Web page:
Netflix made headlines when it announced at the Consumer Electronics Show in Las Vegas that it was adding more than 130 countries to its streaming service, bringing the tally of countries where you can stream TV shows and movies on Netflix to 190 — an impressive proportion of the 196 countries in the world (if you count Taiwan).
As Emily Steel reports for The New York Times, the move was an “unexpected acceleration” of the company’s quest for global ubiquity, though the service is not yet available in China, and in many of the regions where Netflix is now available, the service is available in English but not in the local language. However, the company announced that it’s adding Arabic, Korean, and simplified and traditional Chinese to the 17 languages that are already available.
“We still have a lot of work to do,” Netflix chief executive Reed Hastings, told the Times. “Because of the number of countries, it seems like we are ahead of plan. But we still have China — we still have a quarter of the world to go.” Netflix won’t be available in Crimea, North Korea, and Syria because of United States government restrictions on American companies. It’s unclear whether the company will be able to navigate the regulatory obstacles it would need to overcome to launch in China.
In 2016, Netflix plans to release 31 new and returning original series, 24 films and documentaries, and 30 original children’s series and comedy specials. They’ll become available to subscribers around the world simultaneously. But there’s also lots of licensed content on Netflix that’s only available in certain regions, whether determined by licensing deals or by Netflix’s curation of what it thinks users in a given market will like. And as The Verge’s Nilay Patel points out, the streaming service’s global expansion makes it even more tempting to use software to mask your location and watch things that aren’t available where you live.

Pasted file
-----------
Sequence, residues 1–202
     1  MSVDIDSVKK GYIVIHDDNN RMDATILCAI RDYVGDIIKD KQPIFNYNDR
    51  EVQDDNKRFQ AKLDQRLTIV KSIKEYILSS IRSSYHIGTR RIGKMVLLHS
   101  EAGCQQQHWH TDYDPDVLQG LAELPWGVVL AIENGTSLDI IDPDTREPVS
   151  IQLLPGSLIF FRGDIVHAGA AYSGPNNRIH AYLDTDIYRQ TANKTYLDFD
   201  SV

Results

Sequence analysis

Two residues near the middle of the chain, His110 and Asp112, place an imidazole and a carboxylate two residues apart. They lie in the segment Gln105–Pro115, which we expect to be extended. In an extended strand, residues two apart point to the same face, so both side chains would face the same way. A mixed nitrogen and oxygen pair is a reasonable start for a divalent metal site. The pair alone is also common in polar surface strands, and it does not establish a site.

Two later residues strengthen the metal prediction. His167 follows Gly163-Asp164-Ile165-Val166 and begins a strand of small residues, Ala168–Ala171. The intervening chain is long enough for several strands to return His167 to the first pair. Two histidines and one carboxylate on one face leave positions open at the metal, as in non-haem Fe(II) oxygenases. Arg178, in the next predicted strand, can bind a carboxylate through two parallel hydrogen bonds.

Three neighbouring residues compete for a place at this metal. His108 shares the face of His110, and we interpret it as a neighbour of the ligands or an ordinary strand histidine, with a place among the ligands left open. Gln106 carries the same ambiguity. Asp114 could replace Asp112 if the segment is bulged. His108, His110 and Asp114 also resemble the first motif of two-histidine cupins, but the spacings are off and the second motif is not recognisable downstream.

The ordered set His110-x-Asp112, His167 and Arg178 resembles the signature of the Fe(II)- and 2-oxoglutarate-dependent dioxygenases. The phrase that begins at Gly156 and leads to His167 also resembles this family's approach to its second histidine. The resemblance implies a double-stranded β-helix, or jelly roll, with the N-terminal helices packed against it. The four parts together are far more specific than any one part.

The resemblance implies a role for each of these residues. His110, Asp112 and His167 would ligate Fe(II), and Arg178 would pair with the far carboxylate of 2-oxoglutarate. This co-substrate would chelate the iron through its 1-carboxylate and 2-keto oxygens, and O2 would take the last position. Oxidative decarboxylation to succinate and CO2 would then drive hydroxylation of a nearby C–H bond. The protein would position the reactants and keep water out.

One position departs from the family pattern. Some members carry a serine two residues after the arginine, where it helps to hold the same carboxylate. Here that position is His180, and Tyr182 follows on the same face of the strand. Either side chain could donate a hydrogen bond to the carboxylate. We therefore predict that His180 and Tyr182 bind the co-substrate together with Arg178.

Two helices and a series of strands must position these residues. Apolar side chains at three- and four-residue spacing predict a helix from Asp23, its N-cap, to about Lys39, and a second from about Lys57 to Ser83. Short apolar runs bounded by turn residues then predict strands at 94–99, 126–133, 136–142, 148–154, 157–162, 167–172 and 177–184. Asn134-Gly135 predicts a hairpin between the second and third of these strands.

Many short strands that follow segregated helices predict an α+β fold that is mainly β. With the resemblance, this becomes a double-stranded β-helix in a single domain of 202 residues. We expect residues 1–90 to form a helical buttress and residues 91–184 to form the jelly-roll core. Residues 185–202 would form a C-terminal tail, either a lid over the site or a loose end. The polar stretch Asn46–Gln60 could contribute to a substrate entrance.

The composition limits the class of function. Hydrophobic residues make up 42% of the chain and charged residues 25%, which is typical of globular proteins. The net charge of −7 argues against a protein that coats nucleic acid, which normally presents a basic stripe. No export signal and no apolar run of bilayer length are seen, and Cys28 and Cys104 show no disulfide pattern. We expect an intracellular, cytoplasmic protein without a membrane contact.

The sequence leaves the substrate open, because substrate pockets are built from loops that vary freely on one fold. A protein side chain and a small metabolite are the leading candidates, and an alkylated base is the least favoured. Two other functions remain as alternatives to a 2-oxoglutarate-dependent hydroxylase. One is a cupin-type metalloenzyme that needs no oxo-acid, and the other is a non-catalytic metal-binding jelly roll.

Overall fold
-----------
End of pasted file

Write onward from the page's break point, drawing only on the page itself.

To do that, you can use a VPN (a virtual private network), to trick Netflix into thinking that you’re somewhere else. A VPN enables you to access the Internet while appearing to be in a different country. That would let you trick Netflix into thinking that you’re somewhere else in the world, which gives you access to the content that users in that location can view. That can come in handy both if you like content that’s specific to a certain country or region, or if you want to watch the classic TV shows and movies that have long been removed from the version of Netflix the company curates for users in western markets.
Jon Russell reports for TechCrunch that to figure out which country’s content to explore, you can just turn to the growing number of Netflix-tracking sites online. Russell projects that it won’t be long until someone begins compiling a master list of all of the content that’s available everywhere, which will make it even easier to figure out what country you should tell Netflix you’re living in.
Choosing a VPN is also a fairly straightforward task. VPNs generally cost less than $10 per month, less if you pay for a longer period of time upfront. In Russell’s assessment, it’s best to pay for a VPN, since several free options have raised doubts about free services’ handling of user privacy. Russell (and Patel) use a service called TunnelBear, which offers a VPN extension for web browsers, and some other widely-recommended options include Private Internet Access, TorGuard, IPvanish, Astrill, ExpressVPN, and Vypr.
Patel points out there are a number of other services, including Unblockus, Getflix, and Media Hint, that get around geoblocking by tricking websites into thinking that you’re at home (wherever you tell them is home), and offer even faster setup than a VPN. You simply choose a country, and then point your devices toward the service’s DNS services to start watching the Netflix content that’s specific to the country you’ve selected.
If you don’t mind a minor learning curve, a VPN is inexpensive and easy to set up. And in an era of widespread tracking and surveillance, it’s never a bad idea to keep your Internet browsing more secure. In other words, now is a better time than ever to get started with a VPN.
As both Patel and Russell note, it’s possible that Netflix could take measures to shut down the option of using a VPN to access it service, especially since VPNs generally violate licensing agreements. But so far, Netflix has been sympathetic to VPN users, and has tolerated users doing things like sharing passwords and masking their locations.